Teaching Pregnant Students


By YJ Editor  |  


Read Ana Forrest’s response:

Dear Caroline,

Give your pregnant students alternative poses to do. Every time you are doing poses that don’t work for them, modify the poses and give others that do work. You want to help them open and strengthen the parts of the body that they need for birthing and for being mothers. That means opening the hips, strengthening the buttocks muscles, and strengthening the upper body (they’ll be carrying those babies around!).

Ongoing students will become more and more educated on poses to do while the rest of the class is doing inappropriate asanas. They will learn a variety of alternative poses from which they can choose. Just make sure that whatever they’re doing, there is no pressure on the belly or the baby.

Here are some examples of alternative poses:
1. I don’t want pregnant women doing ab work at any point in their practice. Therefore, when I am teaching abdominals, I will instruct these students in doing side bends. This stretches the intercostal muscles, which will increase breath capacity, make the students feel better, and help the babies grow. I also suggest chest openers done on the wall, which opens the upper chest and increases lung capacity. They could also do shoulder shrugs in Horse Stance (step 3-1/2 feet apart, feet pointed out at a 45-degree angle, knees bent so legs are at a right angle, thighs parallel to the floor), which opens the hip area and strengthens the legs and buttocks muscles while releasing tension and building strength in the upper back.

2. For a modified version of Twisting Warrior, Parivrtta Parsvakonasana, the variation is Easy Twisting Warrior. When the left leg is forward in Virabhadrasana I (Warrior I), the right hand is on the floor on the inside, 18 inches away from the left foot. Then twist the chest open to the left, belly away from the thigh (not touching the thigh), left hand skyward.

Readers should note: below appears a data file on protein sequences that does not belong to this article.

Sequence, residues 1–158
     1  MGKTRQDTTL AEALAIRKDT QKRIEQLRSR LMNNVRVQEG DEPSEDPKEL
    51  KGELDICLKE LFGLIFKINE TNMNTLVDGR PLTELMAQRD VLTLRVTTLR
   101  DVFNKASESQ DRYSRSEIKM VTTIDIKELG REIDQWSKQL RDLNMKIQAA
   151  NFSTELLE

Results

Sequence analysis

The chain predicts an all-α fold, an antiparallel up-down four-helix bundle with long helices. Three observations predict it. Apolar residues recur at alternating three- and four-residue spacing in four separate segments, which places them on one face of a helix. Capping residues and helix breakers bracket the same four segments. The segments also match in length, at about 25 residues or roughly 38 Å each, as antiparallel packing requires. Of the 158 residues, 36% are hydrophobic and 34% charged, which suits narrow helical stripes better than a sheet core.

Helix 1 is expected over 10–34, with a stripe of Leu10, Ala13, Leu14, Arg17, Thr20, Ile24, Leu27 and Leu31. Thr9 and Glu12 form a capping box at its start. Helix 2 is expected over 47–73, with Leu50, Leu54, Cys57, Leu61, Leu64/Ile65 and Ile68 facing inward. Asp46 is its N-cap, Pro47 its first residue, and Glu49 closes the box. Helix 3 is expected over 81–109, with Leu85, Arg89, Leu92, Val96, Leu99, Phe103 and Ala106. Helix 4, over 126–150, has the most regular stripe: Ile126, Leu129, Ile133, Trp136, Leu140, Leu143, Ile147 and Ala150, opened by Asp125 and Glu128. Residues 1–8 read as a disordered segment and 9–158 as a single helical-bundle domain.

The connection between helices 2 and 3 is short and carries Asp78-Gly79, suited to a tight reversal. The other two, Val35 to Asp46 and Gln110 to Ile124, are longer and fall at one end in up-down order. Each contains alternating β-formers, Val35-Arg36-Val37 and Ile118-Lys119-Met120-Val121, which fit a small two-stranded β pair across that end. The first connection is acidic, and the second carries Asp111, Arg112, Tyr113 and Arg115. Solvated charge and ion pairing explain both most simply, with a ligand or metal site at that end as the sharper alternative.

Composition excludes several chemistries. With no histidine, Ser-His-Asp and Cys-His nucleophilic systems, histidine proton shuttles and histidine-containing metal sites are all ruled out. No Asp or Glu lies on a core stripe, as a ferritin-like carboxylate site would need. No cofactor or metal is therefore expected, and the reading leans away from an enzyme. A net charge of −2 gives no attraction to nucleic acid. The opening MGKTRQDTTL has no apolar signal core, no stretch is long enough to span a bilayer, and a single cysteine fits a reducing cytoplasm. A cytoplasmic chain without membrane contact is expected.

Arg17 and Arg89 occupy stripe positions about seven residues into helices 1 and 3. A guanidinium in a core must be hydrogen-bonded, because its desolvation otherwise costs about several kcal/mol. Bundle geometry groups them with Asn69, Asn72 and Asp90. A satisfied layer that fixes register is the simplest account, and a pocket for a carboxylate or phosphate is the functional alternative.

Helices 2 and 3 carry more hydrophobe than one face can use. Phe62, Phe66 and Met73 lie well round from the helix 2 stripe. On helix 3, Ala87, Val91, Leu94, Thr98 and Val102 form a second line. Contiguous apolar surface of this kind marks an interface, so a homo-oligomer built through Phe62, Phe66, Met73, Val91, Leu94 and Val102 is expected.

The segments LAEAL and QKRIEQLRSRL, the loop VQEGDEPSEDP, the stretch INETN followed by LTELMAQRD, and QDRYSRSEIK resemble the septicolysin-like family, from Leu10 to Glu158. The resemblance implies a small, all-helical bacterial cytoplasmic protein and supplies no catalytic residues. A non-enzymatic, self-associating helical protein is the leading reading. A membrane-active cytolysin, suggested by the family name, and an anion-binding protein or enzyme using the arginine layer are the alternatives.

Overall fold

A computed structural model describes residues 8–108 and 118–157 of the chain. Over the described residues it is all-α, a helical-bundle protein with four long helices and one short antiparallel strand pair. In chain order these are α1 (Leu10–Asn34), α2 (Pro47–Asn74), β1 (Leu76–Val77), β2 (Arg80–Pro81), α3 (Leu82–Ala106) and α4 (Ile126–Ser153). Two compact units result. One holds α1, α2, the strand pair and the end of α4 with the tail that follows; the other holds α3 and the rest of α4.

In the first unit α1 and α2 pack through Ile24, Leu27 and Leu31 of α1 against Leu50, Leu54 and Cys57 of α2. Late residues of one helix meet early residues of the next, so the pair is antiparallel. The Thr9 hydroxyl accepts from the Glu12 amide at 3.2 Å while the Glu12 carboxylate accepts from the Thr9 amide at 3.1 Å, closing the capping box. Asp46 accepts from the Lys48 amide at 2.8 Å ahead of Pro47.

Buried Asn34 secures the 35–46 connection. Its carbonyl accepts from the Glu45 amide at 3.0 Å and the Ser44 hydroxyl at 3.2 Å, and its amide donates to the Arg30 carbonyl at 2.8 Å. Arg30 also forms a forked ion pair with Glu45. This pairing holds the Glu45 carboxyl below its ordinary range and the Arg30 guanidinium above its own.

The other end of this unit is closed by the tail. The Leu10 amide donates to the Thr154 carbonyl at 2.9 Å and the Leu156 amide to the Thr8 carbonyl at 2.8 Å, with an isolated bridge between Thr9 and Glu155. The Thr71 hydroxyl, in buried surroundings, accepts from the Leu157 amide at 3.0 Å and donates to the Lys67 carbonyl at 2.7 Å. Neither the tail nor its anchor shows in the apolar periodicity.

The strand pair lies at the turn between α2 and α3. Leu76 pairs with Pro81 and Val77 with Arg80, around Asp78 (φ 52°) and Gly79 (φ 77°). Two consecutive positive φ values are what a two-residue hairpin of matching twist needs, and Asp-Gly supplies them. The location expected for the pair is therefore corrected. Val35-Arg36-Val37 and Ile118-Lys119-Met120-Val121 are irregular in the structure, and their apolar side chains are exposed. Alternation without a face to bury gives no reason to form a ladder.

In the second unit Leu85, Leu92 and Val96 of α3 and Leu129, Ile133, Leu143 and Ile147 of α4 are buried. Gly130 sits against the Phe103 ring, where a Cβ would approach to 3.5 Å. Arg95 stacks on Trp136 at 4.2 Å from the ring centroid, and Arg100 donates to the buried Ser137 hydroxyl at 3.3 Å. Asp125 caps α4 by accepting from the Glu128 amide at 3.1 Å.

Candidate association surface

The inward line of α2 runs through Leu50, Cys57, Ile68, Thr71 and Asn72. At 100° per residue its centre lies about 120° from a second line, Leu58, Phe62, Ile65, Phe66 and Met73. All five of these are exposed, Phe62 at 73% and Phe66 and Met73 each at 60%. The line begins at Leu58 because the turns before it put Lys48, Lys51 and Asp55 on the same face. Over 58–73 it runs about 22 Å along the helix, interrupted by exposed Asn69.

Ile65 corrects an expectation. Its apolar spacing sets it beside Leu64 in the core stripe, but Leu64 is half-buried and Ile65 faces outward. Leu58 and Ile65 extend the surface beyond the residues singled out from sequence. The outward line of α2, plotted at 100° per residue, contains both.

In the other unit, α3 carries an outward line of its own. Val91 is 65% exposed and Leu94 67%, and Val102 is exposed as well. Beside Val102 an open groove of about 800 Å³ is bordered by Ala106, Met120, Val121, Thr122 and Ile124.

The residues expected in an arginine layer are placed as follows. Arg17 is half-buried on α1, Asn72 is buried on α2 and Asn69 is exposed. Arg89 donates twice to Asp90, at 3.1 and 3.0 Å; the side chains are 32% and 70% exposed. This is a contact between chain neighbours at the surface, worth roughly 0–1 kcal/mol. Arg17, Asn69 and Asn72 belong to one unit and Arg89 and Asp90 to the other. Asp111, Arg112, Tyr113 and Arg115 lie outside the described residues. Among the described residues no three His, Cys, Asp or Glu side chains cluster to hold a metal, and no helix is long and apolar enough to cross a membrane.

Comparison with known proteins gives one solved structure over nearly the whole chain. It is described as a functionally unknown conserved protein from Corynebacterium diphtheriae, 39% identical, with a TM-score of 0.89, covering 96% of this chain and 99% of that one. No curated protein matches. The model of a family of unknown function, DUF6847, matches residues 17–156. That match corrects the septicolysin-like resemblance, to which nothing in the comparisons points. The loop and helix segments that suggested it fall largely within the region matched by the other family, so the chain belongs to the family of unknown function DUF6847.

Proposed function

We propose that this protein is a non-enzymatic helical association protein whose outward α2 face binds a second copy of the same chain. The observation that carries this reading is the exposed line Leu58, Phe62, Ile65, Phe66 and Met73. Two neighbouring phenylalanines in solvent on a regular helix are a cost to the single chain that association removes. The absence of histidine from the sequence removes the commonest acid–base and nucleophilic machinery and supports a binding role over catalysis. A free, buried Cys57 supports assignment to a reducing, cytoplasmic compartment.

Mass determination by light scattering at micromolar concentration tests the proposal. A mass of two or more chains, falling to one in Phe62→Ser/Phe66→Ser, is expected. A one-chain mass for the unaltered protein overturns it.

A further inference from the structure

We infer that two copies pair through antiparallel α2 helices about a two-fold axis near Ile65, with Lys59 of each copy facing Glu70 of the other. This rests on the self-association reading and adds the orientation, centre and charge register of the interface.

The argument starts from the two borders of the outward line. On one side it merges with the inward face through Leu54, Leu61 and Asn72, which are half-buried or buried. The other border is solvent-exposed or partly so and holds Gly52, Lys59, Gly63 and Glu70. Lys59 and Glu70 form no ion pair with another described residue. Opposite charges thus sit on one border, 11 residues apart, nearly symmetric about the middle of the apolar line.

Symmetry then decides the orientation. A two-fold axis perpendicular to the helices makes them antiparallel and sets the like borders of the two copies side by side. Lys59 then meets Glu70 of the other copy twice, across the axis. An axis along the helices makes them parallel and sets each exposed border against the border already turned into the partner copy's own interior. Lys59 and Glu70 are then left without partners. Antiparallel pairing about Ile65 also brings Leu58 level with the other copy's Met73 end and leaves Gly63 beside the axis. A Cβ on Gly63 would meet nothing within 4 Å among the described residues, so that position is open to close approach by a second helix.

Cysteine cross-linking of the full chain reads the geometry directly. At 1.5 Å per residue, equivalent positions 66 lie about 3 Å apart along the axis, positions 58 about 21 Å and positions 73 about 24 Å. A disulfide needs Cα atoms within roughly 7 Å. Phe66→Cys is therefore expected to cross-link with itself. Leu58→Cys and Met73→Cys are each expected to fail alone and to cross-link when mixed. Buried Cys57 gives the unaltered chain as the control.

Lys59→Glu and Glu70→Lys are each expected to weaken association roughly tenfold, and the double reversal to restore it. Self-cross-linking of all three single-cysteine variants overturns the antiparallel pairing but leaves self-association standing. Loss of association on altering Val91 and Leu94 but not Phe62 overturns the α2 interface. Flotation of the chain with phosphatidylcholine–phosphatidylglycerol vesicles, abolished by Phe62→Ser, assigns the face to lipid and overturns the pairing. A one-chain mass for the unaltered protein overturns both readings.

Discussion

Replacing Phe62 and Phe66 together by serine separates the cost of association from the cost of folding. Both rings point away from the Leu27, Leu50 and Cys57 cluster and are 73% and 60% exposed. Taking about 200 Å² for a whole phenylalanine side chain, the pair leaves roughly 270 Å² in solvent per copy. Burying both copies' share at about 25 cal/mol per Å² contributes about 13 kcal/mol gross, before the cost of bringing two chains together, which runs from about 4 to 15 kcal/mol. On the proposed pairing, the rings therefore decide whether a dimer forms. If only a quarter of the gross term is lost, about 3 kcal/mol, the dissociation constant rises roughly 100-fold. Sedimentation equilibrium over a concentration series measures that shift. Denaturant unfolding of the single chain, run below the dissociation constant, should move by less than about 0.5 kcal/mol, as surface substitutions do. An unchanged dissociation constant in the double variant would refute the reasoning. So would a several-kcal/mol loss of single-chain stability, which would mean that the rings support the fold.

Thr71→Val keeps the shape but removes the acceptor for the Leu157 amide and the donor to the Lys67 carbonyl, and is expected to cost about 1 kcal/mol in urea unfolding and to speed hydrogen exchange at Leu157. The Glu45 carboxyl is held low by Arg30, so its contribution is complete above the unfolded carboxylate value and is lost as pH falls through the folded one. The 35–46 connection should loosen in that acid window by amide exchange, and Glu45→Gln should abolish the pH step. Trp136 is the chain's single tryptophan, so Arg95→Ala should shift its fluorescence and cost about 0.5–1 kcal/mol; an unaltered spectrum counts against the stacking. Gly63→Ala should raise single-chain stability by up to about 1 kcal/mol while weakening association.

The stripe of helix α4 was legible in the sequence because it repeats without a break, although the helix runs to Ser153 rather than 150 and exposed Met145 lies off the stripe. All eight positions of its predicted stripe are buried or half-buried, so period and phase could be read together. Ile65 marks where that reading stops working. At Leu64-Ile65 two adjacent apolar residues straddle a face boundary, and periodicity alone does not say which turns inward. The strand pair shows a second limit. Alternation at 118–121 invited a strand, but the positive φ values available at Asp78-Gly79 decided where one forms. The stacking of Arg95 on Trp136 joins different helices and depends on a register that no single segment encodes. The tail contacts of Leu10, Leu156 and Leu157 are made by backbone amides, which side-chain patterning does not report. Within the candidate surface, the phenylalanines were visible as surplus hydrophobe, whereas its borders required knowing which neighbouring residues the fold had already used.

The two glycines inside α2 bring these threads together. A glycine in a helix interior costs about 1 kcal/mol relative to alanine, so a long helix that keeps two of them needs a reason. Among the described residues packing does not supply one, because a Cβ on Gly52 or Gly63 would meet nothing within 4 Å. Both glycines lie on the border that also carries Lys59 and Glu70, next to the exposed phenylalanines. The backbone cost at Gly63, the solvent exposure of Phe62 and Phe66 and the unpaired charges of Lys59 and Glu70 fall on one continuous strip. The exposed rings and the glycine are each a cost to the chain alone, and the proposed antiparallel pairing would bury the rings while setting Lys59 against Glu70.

3. One final thing you can do: During Savasana (Corpse Pose), coach your pregnant student to put one hand on her heart and the other on her baby. Breathe and make the connection between her heart and her baby’s heart. Use the whole time in Savasana to strengthen this loving connection. Sometimes women experience fear around carrying a baby, miscarriage, or the birthing process. Encourage her to love that baby no matter what size it is, and not let her fear overcome her experience. I recommend she do this through the whole pregnancy (and for years after.) Who doesn’t need that love connection reaffirmed?

Ana Forrest is recognized worldwide as a pioneer in yoga and emotional healing. Born crippled, her own life trauma and experiences compelled her to create Forrest Yoga®. Her focus in Forrest Yoga is to guide the student in the sacred exploration of truth, healing and “the Great Mystery.” She is a well-known contributing expert to Yoga Journal and other national wellness publications. She travels internationally teaching at yoga conferences, workshops, and teacher trainings.